Monday, January 4, 2010

Lyme disease and romantic relationships

Relationships can help to make Lyme disease more bearable, but Lyme disease does not help to make relationships bearable!

For all you Lymies in relationships and partners of Lyme disease (and other tick-borne illness) patients,

JOIN THE PARTNERS OF TBI PATIENTS GROUP!!!

Here: http://health.groups.yahoo.com/group/partnersoftbipatients/

Hearing that it's not just us can help to make these situations a lot more bearable.

No, it's not that you're a bad partner, it's not that you have a bad relationship, it's just that Lyme disease is bad!

Let's share our experiences. Please join! I am trying to get this group up and going and we need more active members.

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Info about the group:

Tick-borne illnesses (TBIs) can be a difficult challenge for relationships, particularly since they often affect the brain and other important aspects of human functioning.

This group is a place for partners of people with tick-borne illness to:

1) Talk about what it's like being in a relationship with someone with a TBI with other people who might understand where you're coming from.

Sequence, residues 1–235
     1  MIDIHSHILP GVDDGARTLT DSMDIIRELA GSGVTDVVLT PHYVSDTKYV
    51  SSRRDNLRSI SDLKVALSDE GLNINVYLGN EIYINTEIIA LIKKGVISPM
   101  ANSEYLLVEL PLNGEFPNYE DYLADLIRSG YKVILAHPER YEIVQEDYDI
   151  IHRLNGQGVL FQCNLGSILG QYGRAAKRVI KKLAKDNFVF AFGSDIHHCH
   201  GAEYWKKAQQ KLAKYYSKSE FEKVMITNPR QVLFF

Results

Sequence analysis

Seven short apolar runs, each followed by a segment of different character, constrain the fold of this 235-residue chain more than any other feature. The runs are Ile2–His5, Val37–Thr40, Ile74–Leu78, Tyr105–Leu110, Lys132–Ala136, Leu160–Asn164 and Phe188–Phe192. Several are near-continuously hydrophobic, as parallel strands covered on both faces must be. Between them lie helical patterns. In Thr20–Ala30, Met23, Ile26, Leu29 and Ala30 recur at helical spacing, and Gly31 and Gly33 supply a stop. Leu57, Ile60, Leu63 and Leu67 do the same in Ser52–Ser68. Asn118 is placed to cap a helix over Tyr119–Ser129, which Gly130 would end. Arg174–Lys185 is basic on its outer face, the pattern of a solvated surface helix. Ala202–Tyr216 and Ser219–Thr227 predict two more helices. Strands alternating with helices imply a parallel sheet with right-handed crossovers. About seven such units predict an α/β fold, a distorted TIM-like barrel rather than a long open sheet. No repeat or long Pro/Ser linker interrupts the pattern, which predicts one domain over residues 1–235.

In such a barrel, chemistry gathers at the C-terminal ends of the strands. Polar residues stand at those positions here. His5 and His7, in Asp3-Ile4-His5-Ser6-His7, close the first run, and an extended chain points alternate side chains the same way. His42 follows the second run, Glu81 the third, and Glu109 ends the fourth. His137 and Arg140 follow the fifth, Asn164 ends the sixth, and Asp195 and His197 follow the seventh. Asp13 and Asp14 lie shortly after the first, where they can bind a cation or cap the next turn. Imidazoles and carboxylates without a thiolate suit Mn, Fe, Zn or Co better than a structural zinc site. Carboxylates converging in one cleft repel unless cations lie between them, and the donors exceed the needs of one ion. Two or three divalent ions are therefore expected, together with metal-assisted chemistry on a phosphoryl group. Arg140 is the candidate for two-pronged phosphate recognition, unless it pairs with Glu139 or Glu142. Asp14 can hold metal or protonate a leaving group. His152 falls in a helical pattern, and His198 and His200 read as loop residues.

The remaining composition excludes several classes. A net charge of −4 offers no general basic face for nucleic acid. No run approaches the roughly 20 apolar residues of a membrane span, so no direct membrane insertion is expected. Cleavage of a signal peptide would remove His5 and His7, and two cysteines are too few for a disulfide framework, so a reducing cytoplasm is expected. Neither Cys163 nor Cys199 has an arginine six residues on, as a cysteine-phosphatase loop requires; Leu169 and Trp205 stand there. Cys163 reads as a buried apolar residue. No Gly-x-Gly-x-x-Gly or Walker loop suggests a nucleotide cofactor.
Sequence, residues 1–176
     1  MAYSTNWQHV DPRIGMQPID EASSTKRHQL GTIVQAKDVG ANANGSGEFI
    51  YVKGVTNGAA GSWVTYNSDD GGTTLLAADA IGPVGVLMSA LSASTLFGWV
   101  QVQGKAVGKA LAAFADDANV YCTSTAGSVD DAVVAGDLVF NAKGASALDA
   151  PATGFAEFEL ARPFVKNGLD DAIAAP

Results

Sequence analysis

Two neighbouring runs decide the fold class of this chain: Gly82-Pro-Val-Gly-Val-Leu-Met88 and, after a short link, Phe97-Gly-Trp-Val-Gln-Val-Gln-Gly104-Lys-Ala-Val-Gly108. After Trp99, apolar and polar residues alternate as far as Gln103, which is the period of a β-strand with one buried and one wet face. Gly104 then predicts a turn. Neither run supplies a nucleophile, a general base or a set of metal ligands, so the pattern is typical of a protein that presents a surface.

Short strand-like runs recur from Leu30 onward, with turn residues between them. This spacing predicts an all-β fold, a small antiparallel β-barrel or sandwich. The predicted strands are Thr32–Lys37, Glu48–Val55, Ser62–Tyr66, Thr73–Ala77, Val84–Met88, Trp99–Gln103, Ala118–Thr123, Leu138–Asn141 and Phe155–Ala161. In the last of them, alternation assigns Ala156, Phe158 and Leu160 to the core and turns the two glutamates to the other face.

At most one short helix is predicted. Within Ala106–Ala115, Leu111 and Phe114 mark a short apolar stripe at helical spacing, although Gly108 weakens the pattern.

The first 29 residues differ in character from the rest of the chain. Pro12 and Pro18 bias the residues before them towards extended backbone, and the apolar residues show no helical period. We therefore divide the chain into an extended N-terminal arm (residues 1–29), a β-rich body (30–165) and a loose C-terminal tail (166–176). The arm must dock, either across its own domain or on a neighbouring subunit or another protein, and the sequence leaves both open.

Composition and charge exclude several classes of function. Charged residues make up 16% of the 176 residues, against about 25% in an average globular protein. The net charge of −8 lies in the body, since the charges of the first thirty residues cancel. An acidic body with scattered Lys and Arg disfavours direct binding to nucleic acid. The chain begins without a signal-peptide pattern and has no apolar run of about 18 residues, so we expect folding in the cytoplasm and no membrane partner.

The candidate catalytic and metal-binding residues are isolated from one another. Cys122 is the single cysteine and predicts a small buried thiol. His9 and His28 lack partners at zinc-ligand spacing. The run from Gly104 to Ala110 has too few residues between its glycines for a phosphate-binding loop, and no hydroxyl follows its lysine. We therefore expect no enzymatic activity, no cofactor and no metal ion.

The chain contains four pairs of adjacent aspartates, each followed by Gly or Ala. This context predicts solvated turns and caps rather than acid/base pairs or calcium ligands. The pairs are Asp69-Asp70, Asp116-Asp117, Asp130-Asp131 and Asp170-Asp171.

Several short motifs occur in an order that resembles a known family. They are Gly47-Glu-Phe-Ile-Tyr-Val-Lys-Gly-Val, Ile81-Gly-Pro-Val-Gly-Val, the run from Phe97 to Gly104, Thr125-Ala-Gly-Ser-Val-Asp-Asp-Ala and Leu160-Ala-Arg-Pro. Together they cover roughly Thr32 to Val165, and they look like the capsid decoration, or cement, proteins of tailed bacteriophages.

2) Find (perhaps) that other people feel the same way you do, or find that other relationships involving TBI have similar issues, which might make it easier to see in perspective (i.e. it's not just you).

3) Share what works for you and your partner.

4) Discuss the reality and symptoms of TBI, which can be highly varied and which can be hard to distinguish from mental illness, hypochondria, etc. Share the difficulties of doubting your partner or how you came to understand the reality of their illness.

5) Get resources for learning about their disease and being supportive.

6) Talk about your fears, what it's like for you - illness isn't hard on only the ill person; it's hard on everyone connected to them, particularly partners, boyfriends, girlfriends, spouses.

7) Think about how you counteract the negative effects of illness on your relationship. How to preserve equality, emotional safety, closeness, etc.

8) Talk about how to support your partner. Love and acceptance from partners can make a big difference to ill people.

"Key to the couple's success was realizing that chronic illness also affects the 'healthy' loved one. 'I know Sherrie's experience has been much tougher than mine,'says Grett. 'But having her realize how it affected me helped us band together. We have become allies rather than competitors.'" - Marriage and Chronic Illness (see in links)

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